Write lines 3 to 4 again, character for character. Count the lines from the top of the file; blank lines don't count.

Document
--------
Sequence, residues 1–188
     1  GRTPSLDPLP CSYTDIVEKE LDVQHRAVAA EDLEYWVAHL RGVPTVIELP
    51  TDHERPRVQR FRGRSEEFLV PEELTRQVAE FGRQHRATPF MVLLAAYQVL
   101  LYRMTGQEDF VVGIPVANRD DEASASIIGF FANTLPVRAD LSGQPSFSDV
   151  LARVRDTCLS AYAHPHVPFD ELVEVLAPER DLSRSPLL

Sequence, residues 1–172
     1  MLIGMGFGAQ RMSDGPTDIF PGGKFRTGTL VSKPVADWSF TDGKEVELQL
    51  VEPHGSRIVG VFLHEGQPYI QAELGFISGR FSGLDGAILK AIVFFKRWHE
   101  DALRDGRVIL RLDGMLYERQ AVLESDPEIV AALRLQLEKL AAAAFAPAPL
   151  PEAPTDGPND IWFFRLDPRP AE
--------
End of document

    51  TDHERPRVQR FRGRSEEFLV PEELTRQVAE FGRQHRATPF MVLLAAYQVL
   101  LYRMTGQEDF VVGIPVANRD DEASASIIGF FANTLPVRAD LSGQPSFSDV